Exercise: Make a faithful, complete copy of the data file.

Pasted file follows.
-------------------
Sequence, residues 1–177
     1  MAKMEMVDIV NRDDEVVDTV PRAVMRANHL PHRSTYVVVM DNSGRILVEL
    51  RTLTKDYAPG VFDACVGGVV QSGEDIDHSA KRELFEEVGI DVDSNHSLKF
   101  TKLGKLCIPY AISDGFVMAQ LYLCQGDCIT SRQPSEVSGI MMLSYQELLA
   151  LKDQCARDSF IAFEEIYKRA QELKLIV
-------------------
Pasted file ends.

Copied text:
Sequence, residues 1–177
     1  MAKMEMVDIV NRDDEVVDTV PRAVMRANHL PHRSTYVVVM DNSGRILVEL
    51  RTLTKDYAPG VFDACVGGVV QSGEDIDHSA KRELFEEVGI DVDSNHSLKF
   101  TKLGKLCIPY AISDGFVMAQ LYLCQGDCIT SRQPSEVSGI MMLSYQELLA
   151  LKDQCARDSF IAFEEIYKRA QELKLIV